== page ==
Physical History

Psychology Versus Fast Entropy Paradox


First published on May 17, 2019. Last updated on May 17, 2019.

Here, we discuss the inherent conflict between fast entropy and psychology. It is ironic, but fast entropy has shaped human psychology to reject the very idea of fast entropy.

People View Science Through the Filter of Feelings

People are emotional beings

People have emotions. They naturally form impulsive judgments based upon their feelings or physiological reaction. Thinking takes time. Emotion can be instantaneous. People evolved from times when there was little time to think. Organisms who thought first were eaten by something bigger. Organisms who emotionally reacted (were immediately scared and ran way) lived to have offspring. Our ancestors evolved to be emotional reactors and we inherit this trait.

New Ideas Are Psychologically Costly

New ideas typically require changing ideas about what is already known. This can make a person feel ignorant, uncertain, out-of-control and even unsafe.

New Ideas Can Be Deadly

To some extent, the social status of all people is at least partially dependent upon their knowledge and wisdom. New discoveries and theories therefore automatically decrease the social status of existing people, for there are by definition unknown. Status has been demonstrated the most important determinant of longevity (how long the worker lives).[1]Therefore the decrease in status caused by new discoveries can shorten the longevity of people, especially older people.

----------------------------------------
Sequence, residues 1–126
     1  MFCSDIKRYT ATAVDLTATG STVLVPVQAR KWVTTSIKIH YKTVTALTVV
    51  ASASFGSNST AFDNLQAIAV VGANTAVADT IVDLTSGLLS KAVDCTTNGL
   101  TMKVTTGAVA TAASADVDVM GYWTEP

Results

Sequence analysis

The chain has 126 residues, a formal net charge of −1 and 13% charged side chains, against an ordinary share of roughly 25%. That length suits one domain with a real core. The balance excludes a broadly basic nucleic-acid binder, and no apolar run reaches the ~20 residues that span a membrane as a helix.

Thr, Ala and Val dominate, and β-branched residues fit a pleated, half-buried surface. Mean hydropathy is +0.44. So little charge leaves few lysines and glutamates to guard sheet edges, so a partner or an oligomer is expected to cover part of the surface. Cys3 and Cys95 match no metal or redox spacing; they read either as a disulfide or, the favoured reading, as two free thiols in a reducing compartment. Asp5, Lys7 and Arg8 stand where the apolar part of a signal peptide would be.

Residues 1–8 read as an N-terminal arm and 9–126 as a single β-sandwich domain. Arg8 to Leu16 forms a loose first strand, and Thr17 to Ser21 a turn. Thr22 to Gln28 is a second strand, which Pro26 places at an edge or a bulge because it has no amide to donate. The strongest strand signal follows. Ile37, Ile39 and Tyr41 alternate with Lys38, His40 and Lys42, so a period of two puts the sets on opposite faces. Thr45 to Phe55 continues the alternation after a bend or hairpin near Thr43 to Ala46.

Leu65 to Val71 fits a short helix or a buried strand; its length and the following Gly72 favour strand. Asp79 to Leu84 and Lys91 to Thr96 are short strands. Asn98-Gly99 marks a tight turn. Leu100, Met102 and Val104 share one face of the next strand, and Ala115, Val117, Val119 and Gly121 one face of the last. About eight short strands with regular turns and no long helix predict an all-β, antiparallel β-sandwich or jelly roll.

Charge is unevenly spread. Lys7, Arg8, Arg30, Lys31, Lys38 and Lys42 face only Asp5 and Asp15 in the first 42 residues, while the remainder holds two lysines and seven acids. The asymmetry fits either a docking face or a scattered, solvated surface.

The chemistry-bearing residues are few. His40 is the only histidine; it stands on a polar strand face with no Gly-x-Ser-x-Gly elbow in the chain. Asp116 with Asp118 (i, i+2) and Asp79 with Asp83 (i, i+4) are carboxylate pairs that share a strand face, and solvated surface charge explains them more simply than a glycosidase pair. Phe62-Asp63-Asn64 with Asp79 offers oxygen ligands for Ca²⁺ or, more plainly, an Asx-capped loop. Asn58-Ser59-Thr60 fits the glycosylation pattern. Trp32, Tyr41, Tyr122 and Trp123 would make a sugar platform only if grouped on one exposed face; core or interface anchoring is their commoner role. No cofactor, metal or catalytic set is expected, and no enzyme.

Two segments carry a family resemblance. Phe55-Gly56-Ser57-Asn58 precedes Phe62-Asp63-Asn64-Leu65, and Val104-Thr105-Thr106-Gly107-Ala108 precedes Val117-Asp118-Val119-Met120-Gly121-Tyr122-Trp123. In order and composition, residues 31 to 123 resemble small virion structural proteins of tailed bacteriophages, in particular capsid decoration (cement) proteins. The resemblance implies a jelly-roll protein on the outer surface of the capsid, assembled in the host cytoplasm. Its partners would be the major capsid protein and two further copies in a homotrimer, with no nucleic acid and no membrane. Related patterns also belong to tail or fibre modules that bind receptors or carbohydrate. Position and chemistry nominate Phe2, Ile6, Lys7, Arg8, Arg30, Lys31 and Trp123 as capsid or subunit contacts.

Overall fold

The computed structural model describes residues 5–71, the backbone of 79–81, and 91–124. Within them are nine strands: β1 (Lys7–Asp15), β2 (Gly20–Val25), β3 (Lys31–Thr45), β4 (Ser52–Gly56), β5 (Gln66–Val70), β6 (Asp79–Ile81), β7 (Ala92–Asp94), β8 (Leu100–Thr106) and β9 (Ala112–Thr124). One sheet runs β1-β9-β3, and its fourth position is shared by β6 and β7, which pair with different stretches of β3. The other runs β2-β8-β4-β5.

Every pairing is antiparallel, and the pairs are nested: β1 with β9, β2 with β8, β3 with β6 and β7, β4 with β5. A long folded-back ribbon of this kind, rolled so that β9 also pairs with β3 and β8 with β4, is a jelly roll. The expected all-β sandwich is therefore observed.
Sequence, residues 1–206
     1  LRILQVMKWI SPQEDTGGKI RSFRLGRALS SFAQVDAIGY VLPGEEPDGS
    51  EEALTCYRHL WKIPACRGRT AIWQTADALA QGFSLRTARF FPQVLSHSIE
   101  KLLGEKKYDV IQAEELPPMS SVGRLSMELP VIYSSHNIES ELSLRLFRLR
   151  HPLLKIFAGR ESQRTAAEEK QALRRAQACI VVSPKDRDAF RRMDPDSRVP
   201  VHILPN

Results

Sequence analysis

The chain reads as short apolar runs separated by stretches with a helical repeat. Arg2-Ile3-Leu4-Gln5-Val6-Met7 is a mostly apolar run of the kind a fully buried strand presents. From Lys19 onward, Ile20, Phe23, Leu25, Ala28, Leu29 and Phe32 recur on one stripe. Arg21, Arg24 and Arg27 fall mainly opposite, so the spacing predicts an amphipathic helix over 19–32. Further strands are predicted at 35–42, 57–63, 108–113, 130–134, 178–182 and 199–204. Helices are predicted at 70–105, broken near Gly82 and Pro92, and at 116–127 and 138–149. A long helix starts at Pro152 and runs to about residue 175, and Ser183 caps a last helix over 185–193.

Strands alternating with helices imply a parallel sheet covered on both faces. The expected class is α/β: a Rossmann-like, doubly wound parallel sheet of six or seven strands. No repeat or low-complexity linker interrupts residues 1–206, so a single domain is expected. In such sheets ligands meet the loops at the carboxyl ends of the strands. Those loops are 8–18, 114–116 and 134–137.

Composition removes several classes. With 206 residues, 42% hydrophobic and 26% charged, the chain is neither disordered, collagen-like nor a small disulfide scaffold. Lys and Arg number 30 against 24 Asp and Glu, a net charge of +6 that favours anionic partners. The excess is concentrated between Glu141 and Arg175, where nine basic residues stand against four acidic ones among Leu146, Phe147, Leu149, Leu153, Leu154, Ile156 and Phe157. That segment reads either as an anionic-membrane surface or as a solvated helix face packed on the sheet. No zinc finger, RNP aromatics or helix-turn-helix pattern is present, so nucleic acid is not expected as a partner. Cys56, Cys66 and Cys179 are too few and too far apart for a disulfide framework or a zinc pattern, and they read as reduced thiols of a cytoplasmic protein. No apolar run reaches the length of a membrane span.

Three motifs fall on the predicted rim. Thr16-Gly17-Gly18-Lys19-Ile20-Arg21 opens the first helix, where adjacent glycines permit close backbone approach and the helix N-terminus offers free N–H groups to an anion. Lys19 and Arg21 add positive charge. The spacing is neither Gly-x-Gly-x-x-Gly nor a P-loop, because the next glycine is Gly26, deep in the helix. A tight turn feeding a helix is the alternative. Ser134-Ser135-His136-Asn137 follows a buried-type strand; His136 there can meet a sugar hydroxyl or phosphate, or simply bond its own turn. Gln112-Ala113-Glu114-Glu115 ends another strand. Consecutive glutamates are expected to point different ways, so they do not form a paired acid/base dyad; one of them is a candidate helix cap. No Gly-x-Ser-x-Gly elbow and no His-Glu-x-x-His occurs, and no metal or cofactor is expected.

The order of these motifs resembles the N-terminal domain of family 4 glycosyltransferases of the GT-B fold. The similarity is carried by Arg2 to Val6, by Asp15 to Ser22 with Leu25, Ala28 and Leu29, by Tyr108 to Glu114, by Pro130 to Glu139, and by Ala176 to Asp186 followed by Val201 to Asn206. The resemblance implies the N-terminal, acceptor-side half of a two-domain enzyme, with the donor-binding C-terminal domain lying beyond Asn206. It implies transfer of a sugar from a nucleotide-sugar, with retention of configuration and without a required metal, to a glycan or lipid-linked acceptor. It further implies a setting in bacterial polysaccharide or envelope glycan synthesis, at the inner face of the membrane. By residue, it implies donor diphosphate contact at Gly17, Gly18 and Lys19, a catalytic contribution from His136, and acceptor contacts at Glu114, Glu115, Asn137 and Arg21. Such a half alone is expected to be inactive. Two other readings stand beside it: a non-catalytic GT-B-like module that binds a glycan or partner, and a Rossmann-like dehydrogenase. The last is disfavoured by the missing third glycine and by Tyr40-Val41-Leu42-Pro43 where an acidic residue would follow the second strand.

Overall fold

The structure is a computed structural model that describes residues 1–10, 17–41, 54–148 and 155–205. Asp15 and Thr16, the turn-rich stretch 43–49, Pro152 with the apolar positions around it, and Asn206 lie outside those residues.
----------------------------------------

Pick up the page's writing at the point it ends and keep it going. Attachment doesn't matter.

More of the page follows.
Since new discoveries are actually life-threatening, it is natural that people will resist new discoveries, as if their life depends on their resistance, which it indeed does. Of course, new discoveries are often in fact incorrect in one or more aspects, so it is reasonable for people to initially reject new ideas.

However, the duty to winnow and sift is often not enough to explain the visceral negative reactions that academic workers sometimes have towards new ideas. Therefore, emotions often color judgment. Incidentally, this subject has been studied, such as by Kuhn in the Structure of Scientific Revolutions. Such impulsive judgments cannot be stopped. However, many decisions and final judgments can be accepted after time passes and reason has a chance to examine new discoveries.

People Don’t Like the Second Law of Thermodynamics

People life freedom of choice

People have the need to feel that they have freedom of choice. Although the Second Law of Thermodynamics is statistical in nature, it tends to be deterministic in effect. People prefer having choices and feel that they do have choices. Therefore anything that is deterministic is unacceptable.

People don’t like limits

People don’t like limits. They don’t like to feel that the choices they do have are limited. Unfortunately, the laws of physics suggest all sorts of limits. The limits on efficiency under the Second Law, or the limited amount of petroleum under the surface of the Earth don’t seem very pleasant to people.

People like immortality

People like immortality. Therefore the illusion of immortality, infinity and perfection are extremely desirable images. People like circles, for they are perfect and have no end. People also like pure sine waves, for they have no end, either. If you can view one cycle of the wave, you will know how it is forever and from one end of the universe to the other, so to speak; by grasping a piece of a pure sine wave, you grasp the whole. Also, pure sine waves exhibit the same sort of perfection as circles.